[Ads-l] wondering about the origin of "sleigh riding" in New York

Jonathan Lighter wuxxmupp2000 at GMAIL.COM
Fri Jan 1 13:21:30 EST 2021


I 've never heard the term "sleigh-riding" applied to sleds, but when I was
a tad in NYC in the mid-1950s, I called a sled a "sleigh" till I was five
or six years old, and I don't recall ever being directly corrected.

"Sleigh" for "sled" is likewise reflected in this:

1895 _New York Herald_ (Jan. 30) 10: Further on two little girls in knitted
hoods hop cheerily along with a skate apiece, followed at  distance by a
tot with a sled. An envious mate calls out, "Ho, don't them Brown girls
think they're fine wid skates and a sleigh!"

The Dictionary of American Regional English has an entry with quotations
beginning in Ohio in 1827, the first of which actually includes the term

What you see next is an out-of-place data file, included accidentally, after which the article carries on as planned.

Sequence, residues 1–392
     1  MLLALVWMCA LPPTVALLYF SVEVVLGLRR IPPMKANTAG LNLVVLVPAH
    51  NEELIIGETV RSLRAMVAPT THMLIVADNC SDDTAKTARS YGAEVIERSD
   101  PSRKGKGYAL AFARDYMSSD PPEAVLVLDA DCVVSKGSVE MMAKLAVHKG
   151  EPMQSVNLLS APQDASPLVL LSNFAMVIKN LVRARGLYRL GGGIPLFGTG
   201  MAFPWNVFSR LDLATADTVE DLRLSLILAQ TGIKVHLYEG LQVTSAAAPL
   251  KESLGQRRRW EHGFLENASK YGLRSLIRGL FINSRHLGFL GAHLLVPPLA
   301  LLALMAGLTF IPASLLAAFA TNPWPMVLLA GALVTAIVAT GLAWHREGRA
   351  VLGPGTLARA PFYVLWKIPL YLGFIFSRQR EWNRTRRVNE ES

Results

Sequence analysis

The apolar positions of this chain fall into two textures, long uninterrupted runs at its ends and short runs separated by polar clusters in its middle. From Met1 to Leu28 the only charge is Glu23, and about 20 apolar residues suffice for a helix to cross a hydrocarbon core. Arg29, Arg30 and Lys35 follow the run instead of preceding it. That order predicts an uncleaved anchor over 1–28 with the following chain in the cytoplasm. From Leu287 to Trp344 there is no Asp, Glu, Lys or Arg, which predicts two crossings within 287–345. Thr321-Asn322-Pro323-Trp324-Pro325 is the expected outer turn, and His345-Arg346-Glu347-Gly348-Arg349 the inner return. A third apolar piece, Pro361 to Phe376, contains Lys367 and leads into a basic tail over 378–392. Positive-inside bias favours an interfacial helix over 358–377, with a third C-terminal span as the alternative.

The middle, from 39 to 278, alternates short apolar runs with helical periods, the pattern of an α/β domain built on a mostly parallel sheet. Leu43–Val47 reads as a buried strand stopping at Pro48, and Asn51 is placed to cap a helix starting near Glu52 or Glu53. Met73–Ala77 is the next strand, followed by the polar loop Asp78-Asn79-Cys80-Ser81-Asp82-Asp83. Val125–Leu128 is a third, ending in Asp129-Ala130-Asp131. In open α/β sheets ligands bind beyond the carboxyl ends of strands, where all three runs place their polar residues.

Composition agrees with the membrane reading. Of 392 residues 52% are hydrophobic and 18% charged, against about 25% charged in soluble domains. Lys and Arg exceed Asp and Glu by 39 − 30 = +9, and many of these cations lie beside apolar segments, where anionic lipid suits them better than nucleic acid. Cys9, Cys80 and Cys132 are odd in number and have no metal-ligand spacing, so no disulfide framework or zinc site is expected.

"sleigh-riding.":

"Two weeks since, it was ...covered with boys and men amusing themselves
with skating and sleigh-riding on the ice, for want of snow."

JL

On Fri, Jan 1, 2021 at 12:11 PM Michael Malone <mikemalone5a at gmail.com>
wrote:

> Hi! I sincerely hope I did this correctly and did not violate the norms.
> I'm a journalist looking to do a story on the term "sleigh riding", which
> is how snow sledding is referred to in New York, despite there not being a
> sleigh involved. Wondering if anyone might help trace where/when/how the
> term came to be.
> Thank you and happy new year.
> Mike Malone
>
> ------------------------------------------------------------
> The American Dialect Society - http://www.americandialect.org
>


-- 
"If the truth is half as bad as I think it is, you can't handle the truth."

------------------------------------------------------------
The American Dialect Society - http://www.americandialect.org


More information about the Ads-l mailing list